From The New York Times:
In 2002 the New York Institute for the Humanities organized a symposium under the title “Was Athanasius Kircher the Coolest Guy Ever, or What?“ The highlights of this 17th-century German Jesuit polymath’s sprawling résumé, summed up in John Glassie’s brisk new biography, suggest the question wasn’t completely absurd. Kircher’s dozens of books — totaling some seven million words in Latin — covered optics, magnetism, geology, volcanology, medicine, archaeology, acoustics, Sinology and much, much more. He invented machines for generating mathematical music, did research on a universal language and collaborated with Bernini on the spectacular Fountain of the Four Rivers in Rome, where Kircher spent much of his adult life. He claimed to have deciphered Egyptian hieroglyphics and was one of the first to use a microscope to study disease. Visitors flocked to his Museum Kircherianum to see mermaids’ tails, talking statues and other wonders, not least the great genius himself. True, few of Kircher’s big ideas, elaborated in gargantuan books like “The Great Art of Knowing,” hold up today, if they even held up then. Descartes, after flipping through Kircher’s 1641 treatise on magnetism, pronounced him “more of a charlatan than a scholar.” But then did Descartes ever build a vomiting machine or a clock powered by a sunflower seed, let alone design a “cat piano” played by pricking the tails of seven cats with differently pitched cries? Enough said.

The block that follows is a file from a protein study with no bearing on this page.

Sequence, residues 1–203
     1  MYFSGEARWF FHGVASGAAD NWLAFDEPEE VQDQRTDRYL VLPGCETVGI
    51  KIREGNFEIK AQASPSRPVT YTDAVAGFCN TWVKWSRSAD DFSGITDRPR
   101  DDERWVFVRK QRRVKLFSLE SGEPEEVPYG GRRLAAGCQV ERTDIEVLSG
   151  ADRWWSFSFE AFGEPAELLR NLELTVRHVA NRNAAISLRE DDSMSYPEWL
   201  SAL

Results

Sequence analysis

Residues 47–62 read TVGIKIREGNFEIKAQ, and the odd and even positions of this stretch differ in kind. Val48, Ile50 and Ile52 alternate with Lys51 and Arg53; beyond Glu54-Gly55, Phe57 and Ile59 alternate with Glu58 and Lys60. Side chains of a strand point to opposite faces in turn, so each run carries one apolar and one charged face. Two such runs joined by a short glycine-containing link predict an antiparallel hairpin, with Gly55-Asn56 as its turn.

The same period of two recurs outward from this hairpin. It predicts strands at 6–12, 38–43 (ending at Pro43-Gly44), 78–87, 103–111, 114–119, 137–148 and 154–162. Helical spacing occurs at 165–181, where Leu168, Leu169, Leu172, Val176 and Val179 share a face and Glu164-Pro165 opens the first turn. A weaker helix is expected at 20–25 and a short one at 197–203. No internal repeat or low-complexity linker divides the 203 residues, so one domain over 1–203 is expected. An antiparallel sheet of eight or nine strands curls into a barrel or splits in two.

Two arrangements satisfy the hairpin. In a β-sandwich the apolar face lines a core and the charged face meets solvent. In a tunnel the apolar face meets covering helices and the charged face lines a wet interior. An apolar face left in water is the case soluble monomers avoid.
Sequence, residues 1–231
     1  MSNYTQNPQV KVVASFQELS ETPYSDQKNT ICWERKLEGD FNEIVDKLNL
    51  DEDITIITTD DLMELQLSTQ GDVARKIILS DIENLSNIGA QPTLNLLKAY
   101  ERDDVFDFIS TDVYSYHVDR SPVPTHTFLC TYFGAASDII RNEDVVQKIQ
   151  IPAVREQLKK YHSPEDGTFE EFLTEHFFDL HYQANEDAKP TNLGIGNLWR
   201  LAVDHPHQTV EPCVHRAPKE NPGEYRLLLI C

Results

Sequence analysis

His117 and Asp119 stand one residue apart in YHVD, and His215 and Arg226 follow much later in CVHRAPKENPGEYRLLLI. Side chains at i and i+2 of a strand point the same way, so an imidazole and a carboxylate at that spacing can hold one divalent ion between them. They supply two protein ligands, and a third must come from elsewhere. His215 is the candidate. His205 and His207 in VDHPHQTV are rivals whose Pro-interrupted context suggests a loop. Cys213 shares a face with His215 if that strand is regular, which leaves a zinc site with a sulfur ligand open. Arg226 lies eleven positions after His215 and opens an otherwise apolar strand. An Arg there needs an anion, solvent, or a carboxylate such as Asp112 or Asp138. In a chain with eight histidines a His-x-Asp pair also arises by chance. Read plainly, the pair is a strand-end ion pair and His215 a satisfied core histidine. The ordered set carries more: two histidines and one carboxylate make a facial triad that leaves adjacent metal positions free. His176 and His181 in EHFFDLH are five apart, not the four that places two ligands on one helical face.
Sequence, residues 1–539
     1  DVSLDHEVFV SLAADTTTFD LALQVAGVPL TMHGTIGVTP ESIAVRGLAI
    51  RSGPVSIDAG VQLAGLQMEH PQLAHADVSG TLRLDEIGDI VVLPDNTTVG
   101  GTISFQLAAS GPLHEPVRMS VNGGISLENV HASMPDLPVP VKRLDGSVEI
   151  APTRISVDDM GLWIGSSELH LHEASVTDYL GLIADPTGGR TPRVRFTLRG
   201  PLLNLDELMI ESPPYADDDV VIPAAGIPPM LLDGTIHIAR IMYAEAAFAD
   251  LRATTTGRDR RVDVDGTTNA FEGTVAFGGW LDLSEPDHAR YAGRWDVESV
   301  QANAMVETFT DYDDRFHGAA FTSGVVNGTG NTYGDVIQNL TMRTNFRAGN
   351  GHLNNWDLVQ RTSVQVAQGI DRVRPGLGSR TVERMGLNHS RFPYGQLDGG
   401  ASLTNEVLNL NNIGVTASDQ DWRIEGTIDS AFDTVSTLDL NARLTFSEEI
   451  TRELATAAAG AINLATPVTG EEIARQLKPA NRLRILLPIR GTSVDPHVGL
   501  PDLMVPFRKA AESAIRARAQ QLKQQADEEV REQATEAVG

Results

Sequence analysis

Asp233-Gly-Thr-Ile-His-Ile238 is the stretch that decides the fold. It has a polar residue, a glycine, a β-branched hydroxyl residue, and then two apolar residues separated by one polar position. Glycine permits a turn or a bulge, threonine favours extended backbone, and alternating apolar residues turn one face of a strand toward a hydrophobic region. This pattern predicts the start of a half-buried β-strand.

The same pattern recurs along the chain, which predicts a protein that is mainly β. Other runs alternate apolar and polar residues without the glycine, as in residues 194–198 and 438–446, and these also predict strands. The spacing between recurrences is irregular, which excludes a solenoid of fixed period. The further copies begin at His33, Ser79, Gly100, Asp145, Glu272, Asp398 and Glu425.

In “A Man of Misconceptions,” the first general-interest biography of Kircher, Mr. Glassie draws on three decades of renewed scholarly interest in his work to deliver a stirring if sometimes backhanded defense. So what if his works, “in number, bulk and uselessness are not surpassed in the whole field of learning,“ as one early-20th-century scholar put it? There’s something to be said, Mr. Glassie writes, merely “for having been a source of so many ideas — right, wrong, half right, half-baked, ridiculous, beautiful and all-encompassing.”